It’s hard to look away from the trainwreck that is the 2016 American presidential race. But on the periphery of the contentious campaign are dozens of other political races—for senators, house representatives, and governors—that also hold weighty implications for the future of the U.S., and by extension, the nations that do business with it.
“It’s not so much the presidential race that matters to U.S.-Canada relations, it’s congressional races,” says Renan Levine, a political science professor at the University of Toronto. “The issues that tend to impact Canadians, like changes in how border crossing is managed, lumber disputes, and the Keystone XL Pipeline, those aren’t [typically] presidential decisions; those are congressional decisions that go beyond the White House.”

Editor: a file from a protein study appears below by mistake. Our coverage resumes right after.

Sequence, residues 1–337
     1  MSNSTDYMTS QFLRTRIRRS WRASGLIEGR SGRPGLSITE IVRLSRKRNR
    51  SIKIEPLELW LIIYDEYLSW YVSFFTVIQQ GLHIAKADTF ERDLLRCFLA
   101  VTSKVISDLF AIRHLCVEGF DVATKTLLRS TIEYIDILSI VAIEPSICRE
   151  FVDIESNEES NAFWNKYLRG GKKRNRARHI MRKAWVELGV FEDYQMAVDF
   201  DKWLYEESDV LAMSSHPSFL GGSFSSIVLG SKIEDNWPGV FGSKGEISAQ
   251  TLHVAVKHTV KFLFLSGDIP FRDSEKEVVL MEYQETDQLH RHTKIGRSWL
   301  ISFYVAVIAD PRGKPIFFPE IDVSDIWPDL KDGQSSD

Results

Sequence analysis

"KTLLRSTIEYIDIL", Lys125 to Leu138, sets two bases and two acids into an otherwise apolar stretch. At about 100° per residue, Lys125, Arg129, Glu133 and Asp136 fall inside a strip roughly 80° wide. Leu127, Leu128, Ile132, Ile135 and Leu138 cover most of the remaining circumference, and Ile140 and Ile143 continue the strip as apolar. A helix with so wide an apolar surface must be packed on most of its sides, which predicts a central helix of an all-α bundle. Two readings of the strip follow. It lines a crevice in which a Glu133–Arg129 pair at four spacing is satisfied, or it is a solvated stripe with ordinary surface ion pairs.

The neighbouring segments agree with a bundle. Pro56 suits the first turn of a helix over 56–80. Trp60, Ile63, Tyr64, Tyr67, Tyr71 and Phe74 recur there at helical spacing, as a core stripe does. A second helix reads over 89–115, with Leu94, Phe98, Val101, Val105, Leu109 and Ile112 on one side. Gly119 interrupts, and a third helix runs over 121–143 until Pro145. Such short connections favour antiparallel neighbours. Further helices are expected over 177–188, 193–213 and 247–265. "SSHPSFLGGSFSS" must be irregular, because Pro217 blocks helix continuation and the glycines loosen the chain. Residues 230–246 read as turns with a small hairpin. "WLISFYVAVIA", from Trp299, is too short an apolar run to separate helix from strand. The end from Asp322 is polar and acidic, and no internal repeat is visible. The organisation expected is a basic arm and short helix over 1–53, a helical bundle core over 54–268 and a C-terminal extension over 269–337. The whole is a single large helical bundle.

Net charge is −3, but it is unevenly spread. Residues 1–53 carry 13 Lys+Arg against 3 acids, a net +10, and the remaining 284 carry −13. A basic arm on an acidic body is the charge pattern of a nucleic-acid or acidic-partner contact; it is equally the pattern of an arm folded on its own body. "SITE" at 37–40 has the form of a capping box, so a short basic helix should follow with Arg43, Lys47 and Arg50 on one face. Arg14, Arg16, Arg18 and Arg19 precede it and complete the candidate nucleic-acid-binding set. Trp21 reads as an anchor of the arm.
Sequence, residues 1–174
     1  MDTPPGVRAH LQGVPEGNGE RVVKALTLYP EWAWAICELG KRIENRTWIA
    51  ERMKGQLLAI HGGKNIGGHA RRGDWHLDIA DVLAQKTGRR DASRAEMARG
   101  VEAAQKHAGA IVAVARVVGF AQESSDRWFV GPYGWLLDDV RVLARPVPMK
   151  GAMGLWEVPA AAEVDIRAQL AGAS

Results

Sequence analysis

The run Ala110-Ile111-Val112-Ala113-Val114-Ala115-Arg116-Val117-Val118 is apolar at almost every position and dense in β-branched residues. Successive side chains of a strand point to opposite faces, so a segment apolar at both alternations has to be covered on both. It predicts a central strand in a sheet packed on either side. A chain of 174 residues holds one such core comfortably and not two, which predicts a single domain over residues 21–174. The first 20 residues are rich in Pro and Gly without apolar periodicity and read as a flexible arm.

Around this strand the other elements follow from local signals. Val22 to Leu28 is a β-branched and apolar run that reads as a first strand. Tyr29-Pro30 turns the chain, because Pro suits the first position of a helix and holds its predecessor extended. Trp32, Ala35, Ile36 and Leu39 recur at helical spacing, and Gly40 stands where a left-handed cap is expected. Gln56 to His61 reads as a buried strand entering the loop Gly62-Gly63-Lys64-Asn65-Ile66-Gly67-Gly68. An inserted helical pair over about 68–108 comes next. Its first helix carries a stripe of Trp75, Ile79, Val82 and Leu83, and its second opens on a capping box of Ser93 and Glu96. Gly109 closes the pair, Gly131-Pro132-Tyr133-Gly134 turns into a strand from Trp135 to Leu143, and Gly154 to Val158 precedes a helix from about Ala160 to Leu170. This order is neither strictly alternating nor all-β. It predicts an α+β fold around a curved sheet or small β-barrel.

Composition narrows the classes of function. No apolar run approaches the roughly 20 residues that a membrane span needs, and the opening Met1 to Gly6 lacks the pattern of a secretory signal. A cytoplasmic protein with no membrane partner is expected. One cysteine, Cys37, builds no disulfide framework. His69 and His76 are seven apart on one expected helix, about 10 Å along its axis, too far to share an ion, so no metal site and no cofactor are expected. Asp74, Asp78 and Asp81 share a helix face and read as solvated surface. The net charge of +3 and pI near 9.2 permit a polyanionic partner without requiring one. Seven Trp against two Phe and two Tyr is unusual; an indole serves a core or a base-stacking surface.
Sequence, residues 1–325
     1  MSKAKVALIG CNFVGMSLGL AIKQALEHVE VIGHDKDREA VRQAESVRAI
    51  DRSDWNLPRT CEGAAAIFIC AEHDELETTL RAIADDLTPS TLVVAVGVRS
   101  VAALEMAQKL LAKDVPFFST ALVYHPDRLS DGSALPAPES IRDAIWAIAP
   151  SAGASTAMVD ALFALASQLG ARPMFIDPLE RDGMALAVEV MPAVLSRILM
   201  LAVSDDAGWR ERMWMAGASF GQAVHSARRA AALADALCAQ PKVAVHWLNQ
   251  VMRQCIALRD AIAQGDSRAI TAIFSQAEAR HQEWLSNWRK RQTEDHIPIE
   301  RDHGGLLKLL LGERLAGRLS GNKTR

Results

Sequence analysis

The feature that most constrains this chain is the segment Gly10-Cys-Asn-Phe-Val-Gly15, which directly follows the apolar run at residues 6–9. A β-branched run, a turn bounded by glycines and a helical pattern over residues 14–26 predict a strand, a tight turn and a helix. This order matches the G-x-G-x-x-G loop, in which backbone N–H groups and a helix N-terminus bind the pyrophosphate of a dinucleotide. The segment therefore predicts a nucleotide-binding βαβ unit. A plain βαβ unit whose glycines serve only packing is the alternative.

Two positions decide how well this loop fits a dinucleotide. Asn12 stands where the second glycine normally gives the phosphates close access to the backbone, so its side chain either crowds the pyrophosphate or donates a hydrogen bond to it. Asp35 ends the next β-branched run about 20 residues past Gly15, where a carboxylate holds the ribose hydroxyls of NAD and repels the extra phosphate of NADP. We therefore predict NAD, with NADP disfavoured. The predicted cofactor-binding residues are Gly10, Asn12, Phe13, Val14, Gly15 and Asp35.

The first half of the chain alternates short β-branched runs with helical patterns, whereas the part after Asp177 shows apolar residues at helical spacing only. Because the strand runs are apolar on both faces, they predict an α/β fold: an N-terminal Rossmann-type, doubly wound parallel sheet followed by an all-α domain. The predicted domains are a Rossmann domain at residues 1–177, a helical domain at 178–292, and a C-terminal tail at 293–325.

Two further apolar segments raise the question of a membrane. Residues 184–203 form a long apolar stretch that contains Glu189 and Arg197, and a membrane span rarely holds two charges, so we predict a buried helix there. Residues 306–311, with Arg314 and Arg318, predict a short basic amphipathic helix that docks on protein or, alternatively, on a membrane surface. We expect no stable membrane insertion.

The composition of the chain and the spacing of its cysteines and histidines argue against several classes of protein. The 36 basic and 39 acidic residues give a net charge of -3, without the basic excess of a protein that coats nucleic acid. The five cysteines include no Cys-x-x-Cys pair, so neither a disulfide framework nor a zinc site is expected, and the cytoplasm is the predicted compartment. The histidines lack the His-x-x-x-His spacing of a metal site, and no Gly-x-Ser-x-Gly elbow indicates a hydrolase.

While there are certainly several tight congressional races as we …

The great Canadian mining non-disaster

A couple of dozen men in hard hats and orange coveralls are gathered in a brightly lit, mud-splattered room, chatting about the type of topics we all chat about at work – the Leafs’ prospects, a daughter’s coming wedding, a deer someone saw on the drive in.
What makes these men different from pampered folks like you and me is that they are getting ready to drop more than half a mile into the earth. Once underground at Vale SA’s Totten Mine in Sudbury, Ont., they will operate giant scoops and haulers in dim, sweltering tunnels that have the capacity to kill the unwary or the unlucky.
“We’re lucky here because the depth and the ground conditions are pretty favourable for less seismic activity,” mine manager Gilbert Lamarche says nonchalantly as we prepare for the “cage,” or elevator, that will take us down to working depth. “But in …

Why business class isn't worth the expense